So I graduated last month and I finally feel able to talk about it. It seems weird, but I’ve probably been putting off addressing this huge milestone because it doesn’t quite seem real, or perhaps rather I don’t want it to be. I’ve popped down ten things that I’ve learnt during my three years at Uni.
1. Cheap is not necessarily the best option
Obviously, as this blog suggests, I love a good bargain. However, I’ve learnt at uni that there are some things that you just can’t scrimp on. Ketchup and cheese, for example, and vodka, please for the love of god don’t drink cheap vodka!
2. You can’t do everything
Think you’re going to conquer that long reading list? Or perhaps commit to netball club, debating society and have a part time job. Sure it could be possible, but most likely it’s not going to happen – at least if you want to stay sane. There are some people at Uni who seem to be doing everything, but from my experience, it’s best to accept that you’re not Hermione Granger.
3. Some people are complete arseholes…
It’s true what Bowling for Soup said, high school never really ends and you will meet some complete wankers during your three years. Whether that’s the guy who insists on playing Wonderwall on his Argos guitar at every pre-drinks, or the bitch who is best friends with you to your face but slags you off behind your back, or hey, even the bus driver who kidnaps you! (The bus driver thing is a true story.)
Yes, unfortunately, you will encounter some awful people at Uni – just try not to turn into one yourself.
4. …But some people aren’t
However, you may also meet some absolutely amazing people! I don’t want to get gushy, but I’ve been with Aaron for almost three years now thanks to meeting him in my halls of residence. I’ve also set an unprecedented record for myself and became friends with an actual group of girls for the first time ever! #squadgoals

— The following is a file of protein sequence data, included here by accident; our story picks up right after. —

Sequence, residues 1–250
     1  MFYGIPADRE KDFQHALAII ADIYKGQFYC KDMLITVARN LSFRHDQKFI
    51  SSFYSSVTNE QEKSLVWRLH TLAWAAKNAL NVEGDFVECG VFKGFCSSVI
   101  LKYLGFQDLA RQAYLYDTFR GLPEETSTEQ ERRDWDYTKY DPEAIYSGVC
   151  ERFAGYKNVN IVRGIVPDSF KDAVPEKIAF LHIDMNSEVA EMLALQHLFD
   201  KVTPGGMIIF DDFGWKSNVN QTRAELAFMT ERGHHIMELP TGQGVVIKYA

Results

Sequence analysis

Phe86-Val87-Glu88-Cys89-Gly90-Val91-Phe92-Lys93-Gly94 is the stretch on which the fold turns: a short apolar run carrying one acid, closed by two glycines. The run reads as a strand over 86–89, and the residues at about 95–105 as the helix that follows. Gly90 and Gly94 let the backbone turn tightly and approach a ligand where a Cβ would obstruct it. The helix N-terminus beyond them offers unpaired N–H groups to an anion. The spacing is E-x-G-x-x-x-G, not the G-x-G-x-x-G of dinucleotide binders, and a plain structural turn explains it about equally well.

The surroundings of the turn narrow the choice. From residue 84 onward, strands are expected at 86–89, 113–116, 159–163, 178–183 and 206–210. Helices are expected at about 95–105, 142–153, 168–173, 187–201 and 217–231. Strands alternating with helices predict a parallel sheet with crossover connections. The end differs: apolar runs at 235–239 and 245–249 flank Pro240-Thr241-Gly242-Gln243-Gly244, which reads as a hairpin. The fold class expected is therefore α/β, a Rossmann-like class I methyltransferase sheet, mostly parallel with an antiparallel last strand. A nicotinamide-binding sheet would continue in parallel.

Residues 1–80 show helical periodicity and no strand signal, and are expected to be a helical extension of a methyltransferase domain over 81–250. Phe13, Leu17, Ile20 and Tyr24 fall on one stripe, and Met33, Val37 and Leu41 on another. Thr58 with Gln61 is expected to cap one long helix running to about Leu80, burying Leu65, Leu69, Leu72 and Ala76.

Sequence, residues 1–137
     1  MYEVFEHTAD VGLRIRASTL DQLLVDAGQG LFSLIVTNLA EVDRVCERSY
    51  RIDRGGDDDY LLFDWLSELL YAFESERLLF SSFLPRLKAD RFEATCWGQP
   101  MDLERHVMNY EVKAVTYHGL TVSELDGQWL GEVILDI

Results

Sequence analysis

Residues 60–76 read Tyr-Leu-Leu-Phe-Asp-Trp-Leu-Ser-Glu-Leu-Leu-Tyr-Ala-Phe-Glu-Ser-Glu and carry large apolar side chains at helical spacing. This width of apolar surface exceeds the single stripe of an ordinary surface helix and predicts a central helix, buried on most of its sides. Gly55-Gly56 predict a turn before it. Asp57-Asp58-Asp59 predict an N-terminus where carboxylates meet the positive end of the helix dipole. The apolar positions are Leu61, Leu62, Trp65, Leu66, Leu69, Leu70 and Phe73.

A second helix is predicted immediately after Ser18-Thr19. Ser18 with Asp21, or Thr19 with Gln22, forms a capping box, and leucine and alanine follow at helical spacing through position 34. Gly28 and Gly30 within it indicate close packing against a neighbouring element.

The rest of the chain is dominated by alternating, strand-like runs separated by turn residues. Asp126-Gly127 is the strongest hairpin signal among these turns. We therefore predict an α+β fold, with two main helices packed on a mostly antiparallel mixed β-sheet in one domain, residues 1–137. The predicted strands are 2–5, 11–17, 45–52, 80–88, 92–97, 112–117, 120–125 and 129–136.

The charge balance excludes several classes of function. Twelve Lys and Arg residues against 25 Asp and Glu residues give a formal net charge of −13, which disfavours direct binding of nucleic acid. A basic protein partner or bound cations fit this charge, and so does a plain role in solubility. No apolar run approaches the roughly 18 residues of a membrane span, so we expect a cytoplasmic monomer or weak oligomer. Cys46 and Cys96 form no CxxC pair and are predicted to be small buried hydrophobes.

University also gives you a chance to meet a huge range of people, whose paths you probably wouldn’t normally cross!
5. It’s okay to say no
This is important on so many different levels, from peer pressure to work/life balance. I’m going to concentrate on the latter. I am definitely the sort of person who says ‘yes’ to a lot favours people ask me. I have really good weeks, where I feel like I could take on the world, and then the week after I’ll become overwhelmed and regret saying ‘yes’ to everything from that extra shift to a catch up with my friends. It’s definitely okay to say ‘no’ to some things and put your own well-being first.
Of course, you can’t say ‘no’ to deadlines, but you can relieve some of the stress by keeping other commitments to a minimum.
6. If you really want it, you’ve gotta go get it
I think I’ve always lived like this, but I’ve definitely seen the results at Uni. Yes, I did achieve a first class degree, however, I worked bloody hard for it. I spent countless days and nights in the library, rewriting, reading outside of the reading list and going above and beyond! I eventually exhausted myself, but, you know what, I am kind of glad I put myself through that because it paid off.
7. Sometimes you have to put yourself first
A bit similar to point number five, but I really can’t stress enough how much this has applied during my time studying. Sometimes you have to be a little bit selfish and put your own needs first, and yes even before your academic work. Take a break, get out of the student bubble for a weekend and just chill out. I did this just after I handed in my dissertation in but before the rest of my exams started and it did me a world of good.
8. It isn’t worth £9,000 a year
It’s true, the government have completely fucked us over, and it’s apparently about to get worse, for which I can only send my condolences to those wanting to further their education. Of course, I can’t speak for every University or course, and my University wasn’t terrible or anything but the course I took certainly wasn’t worth £27,000! That’s without what I spent on accommodating and living. I’m basically entering my 20s in around £40,000 – £45,000 debt!
9. …But I guess, overall, the experience is invaluable
I guess I can’t put a price on the experience I’ve gained whilst at uni however. I have met some of my best friends and obviously Aaron too. I’ve also been able to leave home at the age of 18 and survive and I’m now happily settled with a job and house, so one can’t really complain. Or can we? I’m still not convinced.
10. Blink and you’ll miss it
Uni is a weird one basically. Although I feel like the people I’ve met I’ve known my whole life, and in a way they are my life now, the three years seem to have gone so so fast. It doesn’t seem five minutes since I walked into the kitchen and introduced myself to seven strangers, some of them now life-long friends.